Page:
Should you do your own bookkeeping? While that may sound like a small question, it can be tough for even the savviest of small business owners to answer. Yet it doesn't have to be. Here are four questions to ask yourself that will determine whether or not you should handle your business's books on your own.
Do You Want to Be in Control?
The world "control" can be weighted. To some, it's a vise-like grip. To others, it's simply access to information to facilitate decision-making. In the context of small business (and small business bookkeeping software), think of control as more like the latter. If you want the ability to know your business's financial position at a given moment, you want control. If you want the ability to send invoices and log expenses when you deem it necessary, you're a fan of control. Conversely, if you're comfortable forwarding financial transaction information on to a bookkeeper, control—in the accounting sense—may be a little less important to you. And that's totally fine. If you are able to identify how much control you want over your business's financial health, you'll be able to determine whether or not you want to do your own bookkeeping.
Do You Have the Time?
Almost every small business owner will say no to this question. After all, time is a precious commodity in the small business-owning world. But here's the thing: you can always make time. Our DIY bookkeeping biases aside, small business owners should weigh the time requirement against the desire for control, outlined in the paragraph above. If you're hellbent on being in control of your business's financial health, then you likely need to make the time commitment. If you're not interested in control and are unwilling to carve out the time it takes to do it, then by all means, we recommend shopping for a bookkeeper.
So perhaps the more appropriate question here is are you willing to make the time commitment to achieve the control that doing your own books provides?
Do You Even Care?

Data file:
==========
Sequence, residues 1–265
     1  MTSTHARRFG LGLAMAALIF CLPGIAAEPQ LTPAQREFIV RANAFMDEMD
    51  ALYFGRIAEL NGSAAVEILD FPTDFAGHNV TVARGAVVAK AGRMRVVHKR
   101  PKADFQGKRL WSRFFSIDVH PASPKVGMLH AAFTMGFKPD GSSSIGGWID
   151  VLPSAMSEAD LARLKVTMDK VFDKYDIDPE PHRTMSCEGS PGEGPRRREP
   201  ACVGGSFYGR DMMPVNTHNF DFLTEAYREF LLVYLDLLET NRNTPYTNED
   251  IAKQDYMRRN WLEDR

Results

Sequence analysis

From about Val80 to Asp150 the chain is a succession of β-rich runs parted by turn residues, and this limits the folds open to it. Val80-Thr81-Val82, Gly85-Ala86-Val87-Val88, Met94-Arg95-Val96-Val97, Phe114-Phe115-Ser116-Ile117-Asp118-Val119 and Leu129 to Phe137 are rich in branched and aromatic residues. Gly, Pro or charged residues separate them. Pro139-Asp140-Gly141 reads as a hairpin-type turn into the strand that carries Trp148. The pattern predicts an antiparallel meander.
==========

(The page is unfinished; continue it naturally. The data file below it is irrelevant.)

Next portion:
If maintaining accurate accounting records isn't interesting to you, then you probably aren't interested in doing your own books. And that's OK! For some folks in business for themselves, success is measured more by things like a positive bank account balance or general "busy-ness" and less by balance sheets and P&L reports. If you don't care about accounting, then doing your own books doesn't make sense. (That sentiment isn't intended to be a guilt trip. For folks who identify more as a freelancer or self-employed and less as a business with official business things like an EIN number and a business bank account, bookkeeping simply may not be a priority.)
Does It Make Economic Sense?
Ah, here we are. The brass tacks. Does doing your own bookkeeping make financial sense? First, let's address potential biases. Kashoo makes small business bookkeeping software for small business owners who want to do their own books. (Could you tell yet?) Second, let's acknowledge that bookkeeping costs vary by industry, region, complexity and much more. Still we can make some broad strokes here. Say farming out your bookkeeping data entry work runs your business a couple hundred dollars per quarter. The software cost if you were to do it own your own would come in at least than $200 per year. But what about the time commitment, you ask? Good question. It's natural to think that forwarding on data to a bookkeeper for entry and processing is more or less instant. But one could argue that lots of instants make up big chunks of time.
So ask yourself: how much time am I spending arming my bookkeeper with what they need to do their job that I am paying them for?
On the other side of the table, there's the time it takes to get familiar with doing your books yourself and the time it takes to actual do them on a regular basis. We typically recommend to a new customer he or she spends a couple hours with Kashoo right out of the gate. (Some have referred to it as the Saturday-Sunday Morning Kashoo Crash Course, though that's a thoroughly unofficial name.) From there, technological efficiency really starts to kick in and save you time. Snap a picture of a receipt with your iPhone and stick it directly to an expense item in your accounting system instead of adding it to the wad of receipts in your wallet that you've perpetually been meaning to get to your bookkeeper. (Disclaimer reminder: we're biased. But still, there's a pretty strong case here.)
So let's do the (rough) math. Say your time is worth $100 an hour. If you spend 30 minutes a week doing your own bookkeeping, you're looking at $200. Add the accounting software that makes the magic happen, you're a hair under $220 per month. That's $2,640 per year. (And don't forget, you likely get to write off the accounting software expense.) If what you'd pay a bookkeeper plus the time you have to spend prepping that bookkeeper exceeds that annual cost, you've got a choice to make.
Will DIY bookkeeping make sense for every small business owner? Unlikely, but that's OK. But for those to which it does make sense, there's a 14 day free trial with your name on it.